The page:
Secondly, a broader review should be taken on the matter by instead focusing on identifying where the market is being failed by the lack of air services. The Government might consider that these payments could be much better structured to establish and develop international connections from key regional airports across the country to hubs like Paris CDG and London Heathrow with the objective of supporting key business and tourism interconnectivity to major international hubs such as these?
Achieve More with Less
The McCarthy Report unfortunately accepts the status quo of State support for
State airports, a status quo which sees the State airports cushioned by tax payer handouts and by imposed levy payments from competing independent airports and thereby ensures that an inefficient, inequitable and ultimately tax payer-supported aviation system will continue.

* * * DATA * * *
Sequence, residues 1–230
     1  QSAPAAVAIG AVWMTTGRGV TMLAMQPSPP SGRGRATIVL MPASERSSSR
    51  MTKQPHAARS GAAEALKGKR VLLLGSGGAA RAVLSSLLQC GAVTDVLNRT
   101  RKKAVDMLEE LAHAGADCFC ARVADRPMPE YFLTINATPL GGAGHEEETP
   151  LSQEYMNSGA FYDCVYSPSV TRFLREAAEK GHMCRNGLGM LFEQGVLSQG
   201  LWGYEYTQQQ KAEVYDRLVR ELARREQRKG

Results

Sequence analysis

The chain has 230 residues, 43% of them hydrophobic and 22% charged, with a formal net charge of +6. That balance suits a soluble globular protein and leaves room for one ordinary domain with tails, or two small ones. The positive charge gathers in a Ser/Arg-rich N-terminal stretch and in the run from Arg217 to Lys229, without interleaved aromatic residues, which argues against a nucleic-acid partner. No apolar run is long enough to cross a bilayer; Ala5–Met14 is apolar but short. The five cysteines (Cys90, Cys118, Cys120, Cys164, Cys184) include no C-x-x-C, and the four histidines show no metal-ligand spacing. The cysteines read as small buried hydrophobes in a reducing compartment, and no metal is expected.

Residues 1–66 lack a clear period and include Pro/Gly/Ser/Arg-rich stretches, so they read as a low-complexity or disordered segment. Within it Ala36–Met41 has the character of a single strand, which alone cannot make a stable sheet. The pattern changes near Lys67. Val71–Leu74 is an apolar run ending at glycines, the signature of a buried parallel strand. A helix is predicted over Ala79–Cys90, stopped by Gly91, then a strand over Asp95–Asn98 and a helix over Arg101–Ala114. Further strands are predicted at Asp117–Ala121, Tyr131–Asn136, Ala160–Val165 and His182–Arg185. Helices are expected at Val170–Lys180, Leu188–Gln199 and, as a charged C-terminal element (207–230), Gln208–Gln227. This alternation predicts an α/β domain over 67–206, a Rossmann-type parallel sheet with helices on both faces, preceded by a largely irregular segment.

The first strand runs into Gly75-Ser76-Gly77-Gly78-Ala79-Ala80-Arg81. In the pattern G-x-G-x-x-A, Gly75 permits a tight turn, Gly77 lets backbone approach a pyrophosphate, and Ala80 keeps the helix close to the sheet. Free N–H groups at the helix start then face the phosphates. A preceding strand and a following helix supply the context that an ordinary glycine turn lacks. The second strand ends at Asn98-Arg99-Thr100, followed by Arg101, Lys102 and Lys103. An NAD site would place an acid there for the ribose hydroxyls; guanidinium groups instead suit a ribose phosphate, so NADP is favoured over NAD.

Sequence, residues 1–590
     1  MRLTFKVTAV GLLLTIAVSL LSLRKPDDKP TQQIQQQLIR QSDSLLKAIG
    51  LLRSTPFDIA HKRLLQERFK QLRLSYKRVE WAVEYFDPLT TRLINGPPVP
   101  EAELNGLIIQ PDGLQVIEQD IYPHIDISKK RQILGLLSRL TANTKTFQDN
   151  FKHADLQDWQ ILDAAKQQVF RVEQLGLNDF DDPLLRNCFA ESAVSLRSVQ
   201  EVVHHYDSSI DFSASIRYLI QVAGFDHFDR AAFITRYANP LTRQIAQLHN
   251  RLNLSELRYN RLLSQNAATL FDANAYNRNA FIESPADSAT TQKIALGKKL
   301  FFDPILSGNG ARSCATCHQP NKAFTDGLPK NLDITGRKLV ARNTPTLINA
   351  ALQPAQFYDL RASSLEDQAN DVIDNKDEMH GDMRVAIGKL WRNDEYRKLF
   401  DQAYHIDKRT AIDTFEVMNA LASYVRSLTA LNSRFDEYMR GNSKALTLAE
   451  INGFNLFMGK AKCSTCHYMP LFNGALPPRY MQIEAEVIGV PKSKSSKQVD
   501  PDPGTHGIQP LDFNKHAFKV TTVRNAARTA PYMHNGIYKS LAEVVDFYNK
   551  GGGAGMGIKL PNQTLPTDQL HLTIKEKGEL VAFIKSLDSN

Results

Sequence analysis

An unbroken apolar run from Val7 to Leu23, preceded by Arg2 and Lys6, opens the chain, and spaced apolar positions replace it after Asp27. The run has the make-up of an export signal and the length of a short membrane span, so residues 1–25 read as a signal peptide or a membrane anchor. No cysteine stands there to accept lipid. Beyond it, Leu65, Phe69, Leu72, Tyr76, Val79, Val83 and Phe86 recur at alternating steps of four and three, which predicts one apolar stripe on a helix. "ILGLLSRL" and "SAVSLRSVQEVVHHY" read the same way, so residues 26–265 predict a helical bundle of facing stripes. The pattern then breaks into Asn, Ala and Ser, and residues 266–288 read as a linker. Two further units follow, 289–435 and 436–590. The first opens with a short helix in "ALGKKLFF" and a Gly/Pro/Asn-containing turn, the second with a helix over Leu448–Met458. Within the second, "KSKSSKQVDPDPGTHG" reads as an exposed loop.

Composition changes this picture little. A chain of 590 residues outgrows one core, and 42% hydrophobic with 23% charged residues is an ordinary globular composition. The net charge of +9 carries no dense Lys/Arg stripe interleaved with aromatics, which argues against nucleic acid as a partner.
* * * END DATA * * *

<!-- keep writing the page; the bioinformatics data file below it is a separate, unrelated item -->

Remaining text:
In light of the proposals in the McCarthy Report, Ireland West Airport Knock wishes to call for a detailed assessment by Government of the viability of all regional airports including the former “Aer Rianta” airports prior to implementing sweeping changes. This they believe will result in more savings, more commercial viability within airports and bring about a balanced approach to the achievement of the targeted savings and additional revenues, in addition to maintaining air access services to specific regions, and in particular the West and North West .
However, this is never going to happen until the Government reverses the interventions it is making to sustain its own State airports and allows IWA Knock to compete on level terms and in a manner where it can continue to provide international connectivity at minimal or even zero cost to the taxpayer in the decades ahead.
22 Mar 2017 12:50pm
06 Dec 2017 10:29am
06 Dec 2017 13:59pm
06 Dec 2017 14:02pm